Fincannon joins ADECA with a focus on working with Boswell to meet the agency’s mission to strengthen and support local communities.

“It is an honor to join ADECA during this time, and I am grateful to Director Boswell and Gov. Ivey for this appointment,” Fincannon said. “I plan to work diligently to serve the people of Alabama to the absolute best of my ability.”

 

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Alabama Workforce Council delivers annual report touting improved career pathways

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The Alabama Workforce Council (AWC) recently delivered its Annual Report to Gov. Kay Ivey and members of the legislature. The report highlights the many and varied workforce successes from 2019. It also outlines policy recommendations to further solidify Alabama as a leader in workforce development and push the state closer to Ivey’s goal of adding 500,000 credentialed workers to the state’s workforce by 2025.

Gov. Ivey acknowledged the recent progress stating, “the continued efforts of the AWC and the various state agency partners in transforming our workforce are substantial. Significant work has been accomplished to ensure all Alabamians have a strong start and strong finish. We will continue to bolster our state’s economy through dynamic workforce development solutions to help us reach our ambitious goal.”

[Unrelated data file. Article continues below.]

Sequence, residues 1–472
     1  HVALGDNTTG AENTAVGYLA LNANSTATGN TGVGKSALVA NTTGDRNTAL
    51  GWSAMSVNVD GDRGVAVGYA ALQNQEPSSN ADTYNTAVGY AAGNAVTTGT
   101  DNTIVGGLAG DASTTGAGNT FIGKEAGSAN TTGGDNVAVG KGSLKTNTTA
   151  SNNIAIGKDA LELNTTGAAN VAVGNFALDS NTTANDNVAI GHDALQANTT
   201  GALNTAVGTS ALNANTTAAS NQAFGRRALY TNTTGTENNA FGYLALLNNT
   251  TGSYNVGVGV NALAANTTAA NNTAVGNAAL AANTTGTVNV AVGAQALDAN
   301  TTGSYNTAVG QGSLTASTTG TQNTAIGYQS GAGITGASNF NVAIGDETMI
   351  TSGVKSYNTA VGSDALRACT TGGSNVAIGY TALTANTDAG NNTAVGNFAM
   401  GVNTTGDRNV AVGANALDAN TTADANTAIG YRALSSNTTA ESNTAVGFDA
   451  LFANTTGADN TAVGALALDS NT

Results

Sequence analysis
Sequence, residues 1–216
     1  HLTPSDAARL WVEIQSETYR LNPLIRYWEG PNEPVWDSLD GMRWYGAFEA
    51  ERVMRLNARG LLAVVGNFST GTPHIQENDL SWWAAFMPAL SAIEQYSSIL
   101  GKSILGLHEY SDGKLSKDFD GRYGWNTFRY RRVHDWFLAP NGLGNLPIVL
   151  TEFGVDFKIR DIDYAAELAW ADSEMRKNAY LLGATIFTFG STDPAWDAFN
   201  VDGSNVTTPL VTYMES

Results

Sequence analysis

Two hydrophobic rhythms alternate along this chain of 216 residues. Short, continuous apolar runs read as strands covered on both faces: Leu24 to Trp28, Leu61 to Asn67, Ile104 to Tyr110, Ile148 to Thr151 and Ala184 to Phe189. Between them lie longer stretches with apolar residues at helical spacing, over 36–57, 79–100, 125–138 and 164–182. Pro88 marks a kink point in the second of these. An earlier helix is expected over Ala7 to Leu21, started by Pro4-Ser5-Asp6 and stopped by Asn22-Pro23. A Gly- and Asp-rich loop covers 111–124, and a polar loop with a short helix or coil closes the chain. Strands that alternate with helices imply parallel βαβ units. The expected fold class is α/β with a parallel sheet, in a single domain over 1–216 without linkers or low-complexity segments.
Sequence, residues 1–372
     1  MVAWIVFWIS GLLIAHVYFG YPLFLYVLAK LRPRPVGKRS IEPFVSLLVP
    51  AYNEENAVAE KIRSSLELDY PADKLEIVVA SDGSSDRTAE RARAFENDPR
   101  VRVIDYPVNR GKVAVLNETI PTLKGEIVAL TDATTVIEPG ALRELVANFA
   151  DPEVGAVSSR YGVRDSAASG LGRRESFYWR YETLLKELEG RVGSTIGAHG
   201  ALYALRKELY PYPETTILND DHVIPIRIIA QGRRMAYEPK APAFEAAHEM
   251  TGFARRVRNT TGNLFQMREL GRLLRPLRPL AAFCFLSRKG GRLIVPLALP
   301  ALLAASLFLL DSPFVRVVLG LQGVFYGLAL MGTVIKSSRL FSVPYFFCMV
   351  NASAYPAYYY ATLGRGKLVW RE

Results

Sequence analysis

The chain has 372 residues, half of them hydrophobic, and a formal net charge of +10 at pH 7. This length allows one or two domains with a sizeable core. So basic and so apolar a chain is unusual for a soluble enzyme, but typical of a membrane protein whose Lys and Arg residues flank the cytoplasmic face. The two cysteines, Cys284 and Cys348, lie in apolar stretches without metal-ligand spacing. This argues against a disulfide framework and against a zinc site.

The AWC, formed in 2015, was created as an employer-led, statewide effort to understand the structure, function, organization and perception of the Alabama workforce system. The goal of the AWC is to facilitate collaboration between government and industry to help Alabama develop a sustainable workforce that is competitive on a global scale. 

“This report details the tremendous efforts of the dedicated AWC members and their partners who have greatly contributed to the progress of building a highly-skilled workforce.” noted Tim McCartney, Chairman of the AWC. “To meet ever-growing job needs of an expanding economy, we have put forth recommendations to bring working-age Alabamians sitting on the sidelines back into the workforce to address our low workforce participation rate.”

Included among the many highlights from the report are:

  • Created the Alabama Office of Apprenticeship to support apprenticeships and work-based learning statewide.
  • Established the Alabama Committee on Credentialing & Career Pathways (ACCCP) to identify credentials of value that align with in-demand career pathways across Alabama.
  • Furthered foundational work toward cross-agency outcome sharing through the Alabama Terminal on Linking and Analyzing Statistics (ATLAS).
  • Commissioned statewide surveys to better understand the characteristics, and potential barriers, of the priority population groups (during record-low unemployment) identified as likely to enter or re-enter the state’s workforce. 
  • Provided technical assistance, support staff and grant writing services to a cohort of over 30 nonprofits from across the state enabling them to expand services and directly connect more Alabamians to training and economic opportunity. Services helped cohort members secure over $6.4 million in grant money through various out-of-state grant programs.
  • Identified and evaluated 17 population segments of potential workers and determined the likelihood of adding members of those respective population segments into the workforce. Within this process, issues affecting the state’s labor participation rate were also detailed.